As the list grew more comprehensive, it became harder for trainees to add new items, making it more exciting whenever something new was added. I was fascinated by how the children took something as prosaic as making a list of media resources and turned the process into an enjoyable game, one which stimulated their mental faculties and increased their sense of camaraderie with each other. One of the most critical parts of landing a job (or an interview) involves sounding convincing over the phone, which is why job club trainees practiced telephone etiquette in previous classes. By being able to converse fluently in Hindi and English over the telephone, trainees project confidence and competence to potential employers that they call.

In addition, they were taught to always ask for a representative’s name and call back number. In such formal conversations, command of English vocabulary is important, which is why ETASHA also focuses on improving English speaking abilities. Many of the jobs trainees might apply for could involve a rudimentary knowledge of computers, which is where the program is extremely helpful. Earlier Job Club sessions had also increased the students’ awareness about the importance of proper planning and time management in such situations.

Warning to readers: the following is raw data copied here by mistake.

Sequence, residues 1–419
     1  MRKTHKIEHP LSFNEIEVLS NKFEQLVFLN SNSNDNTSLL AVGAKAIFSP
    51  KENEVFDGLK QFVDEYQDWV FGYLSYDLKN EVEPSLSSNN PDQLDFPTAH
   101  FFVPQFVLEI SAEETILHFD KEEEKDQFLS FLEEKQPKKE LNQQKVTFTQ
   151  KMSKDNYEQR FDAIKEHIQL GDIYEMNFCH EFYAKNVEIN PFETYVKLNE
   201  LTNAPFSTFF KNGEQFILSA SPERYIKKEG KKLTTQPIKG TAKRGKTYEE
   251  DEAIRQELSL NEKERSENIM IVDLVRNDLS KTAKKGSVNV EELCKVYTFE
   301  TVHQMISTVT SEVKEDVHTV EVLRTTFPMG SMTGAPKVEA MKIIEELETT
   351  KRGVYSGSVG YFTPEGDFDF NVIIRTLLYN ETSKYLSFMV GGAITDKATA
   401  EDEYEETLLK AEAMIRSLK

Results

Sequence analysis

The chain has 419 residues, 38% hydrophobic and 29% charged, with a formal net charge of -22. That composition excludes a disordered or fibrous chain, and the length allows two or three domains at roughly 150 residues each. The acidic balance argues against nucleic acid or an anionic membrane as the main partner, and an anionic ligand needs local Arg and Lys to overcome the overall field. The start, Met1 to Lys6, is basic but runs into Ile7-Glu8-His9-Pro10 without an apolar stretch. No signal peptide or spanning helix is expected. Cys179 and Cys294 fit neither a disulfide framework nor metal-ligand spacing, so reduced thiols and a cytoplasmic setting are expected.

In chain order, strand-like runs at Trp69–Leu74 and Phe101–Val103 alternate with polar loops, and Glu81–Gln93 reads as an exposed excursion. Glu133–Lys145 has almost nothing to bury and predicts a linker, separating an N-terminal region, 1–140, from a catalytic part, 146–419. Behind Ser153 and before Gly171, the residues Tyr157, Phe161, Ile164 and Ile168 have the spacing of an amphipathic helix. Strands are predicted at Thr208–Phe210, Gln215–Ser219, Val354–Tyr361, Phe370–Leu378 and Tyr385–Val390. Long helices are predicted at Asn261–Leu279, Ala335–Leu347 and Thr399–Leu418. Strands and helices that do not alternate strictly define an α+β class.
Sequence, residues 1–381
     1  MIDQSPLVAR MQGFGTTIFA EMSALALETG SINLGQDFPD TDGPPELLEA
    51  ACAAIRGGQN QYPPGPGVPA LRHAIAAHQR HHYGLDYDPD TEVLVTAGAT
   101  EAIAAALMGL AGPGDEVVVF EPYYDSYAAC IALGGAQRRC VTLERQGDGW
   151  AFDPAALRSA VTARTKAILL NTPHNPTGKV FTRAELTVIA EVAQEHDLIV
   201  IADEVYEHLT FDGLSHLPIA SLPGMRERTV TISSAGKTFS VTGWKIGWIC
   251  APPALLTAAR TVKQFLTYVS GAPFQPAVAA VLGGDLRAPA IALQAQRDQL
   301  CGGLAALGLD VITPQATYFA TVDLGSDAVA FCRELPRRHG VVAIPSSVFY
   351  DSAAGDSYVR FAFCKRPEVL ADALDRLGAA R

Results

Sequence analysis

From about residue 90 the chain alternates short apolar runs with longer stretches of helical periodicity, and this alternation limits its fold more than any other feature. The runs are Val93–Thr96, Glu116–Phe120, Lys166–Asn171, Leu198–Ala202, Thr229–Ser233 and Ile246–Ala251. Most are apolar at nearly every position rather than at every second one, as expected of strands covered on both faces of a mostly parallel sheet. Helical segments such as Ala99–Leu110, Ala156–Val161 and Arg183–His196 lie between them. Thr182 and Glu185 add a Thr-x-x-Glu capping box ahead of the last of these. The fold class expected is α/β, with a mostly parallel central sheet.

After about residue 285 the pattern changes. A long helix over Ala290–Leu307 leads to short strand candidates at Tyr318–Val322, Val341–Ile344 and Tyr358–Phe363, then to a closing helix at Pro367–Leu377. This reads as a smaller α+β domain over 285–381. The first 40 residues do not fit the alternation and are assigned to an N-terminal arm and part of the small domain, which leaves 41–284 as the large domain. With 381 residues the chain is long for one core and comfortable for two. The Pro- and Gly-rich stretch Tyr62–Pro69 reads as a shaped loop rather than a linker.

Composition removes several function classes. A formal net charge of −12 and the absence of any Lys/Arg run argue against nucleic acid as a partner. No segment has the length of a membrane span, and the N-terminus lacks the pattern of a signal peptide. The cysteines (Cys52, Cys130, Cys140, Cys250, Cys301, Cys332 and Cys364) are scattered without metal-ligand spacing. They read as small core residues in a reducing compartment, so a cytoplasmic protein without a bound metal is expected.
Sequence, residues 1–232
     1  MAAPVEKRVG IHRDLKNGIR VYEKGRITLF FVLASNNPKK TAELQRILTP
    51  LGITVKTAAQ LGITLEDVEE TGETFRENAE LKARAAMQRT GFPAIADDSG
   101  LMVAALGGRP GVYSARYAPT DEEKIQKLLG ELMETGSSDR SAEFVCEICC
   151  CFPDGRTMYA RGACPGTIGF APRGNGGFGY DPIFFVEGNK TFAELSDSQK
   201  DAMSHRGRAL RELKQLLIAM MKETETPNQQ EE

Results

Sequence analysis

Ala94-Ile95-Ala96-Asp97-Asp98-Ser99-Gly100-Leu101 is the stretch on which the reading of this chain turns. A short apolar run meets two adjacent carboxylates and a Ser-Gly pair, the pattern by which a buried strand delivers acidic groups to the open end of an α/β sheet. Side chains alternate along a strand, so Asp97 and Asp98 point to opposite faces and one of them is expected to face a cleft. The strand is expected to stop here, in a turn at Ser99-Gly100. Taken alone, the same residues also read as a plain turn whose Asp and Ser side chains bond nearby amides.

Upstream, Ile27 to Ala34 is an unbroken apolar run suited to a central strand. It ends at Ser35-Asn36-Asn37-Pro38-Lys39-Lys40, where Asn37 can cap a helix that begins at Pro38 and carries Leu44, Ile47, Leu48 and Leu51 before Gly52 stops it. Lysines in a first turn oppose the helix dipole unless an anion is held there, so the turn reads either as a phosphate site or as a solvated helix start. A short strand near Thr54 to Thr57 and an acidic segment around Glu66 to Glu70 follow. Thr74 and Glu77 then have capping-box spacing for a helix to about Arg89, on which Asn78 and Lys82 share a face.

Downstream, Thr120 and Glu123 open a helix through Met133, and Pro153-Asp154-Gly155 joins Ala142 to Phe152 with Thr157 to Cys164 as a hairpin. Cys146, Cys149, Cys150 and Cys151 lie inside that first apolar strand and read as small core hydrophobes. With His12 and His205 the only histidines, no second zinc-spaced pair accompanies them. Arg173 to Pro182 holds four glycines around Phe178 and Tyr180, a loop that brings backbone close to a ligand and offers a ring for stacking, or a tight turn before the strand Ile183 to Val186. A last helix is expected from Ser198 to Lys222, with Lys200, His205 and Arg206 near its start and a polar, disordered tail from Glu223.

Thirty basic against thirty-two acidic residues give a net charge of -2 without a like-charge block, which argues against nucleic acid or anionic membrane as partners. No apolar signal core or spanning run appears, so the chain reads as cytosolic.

The main conflict that trainees will face with regards to jobs is this: they will have to balance what they want to do with what they can do. For this reason, yet another focus of Job Club is being able to decide which jobs are attainable and which ones are not. This means trainees must look up the pre-requisites for applying for jobs. Obviously, applying for a job that requires an MBA or higher would be a futile effort! However, occupations that only require a completion of the 12th grade are within their grasp. In addition, trainees need to create individual CV’s to be submitted at the time of an interview.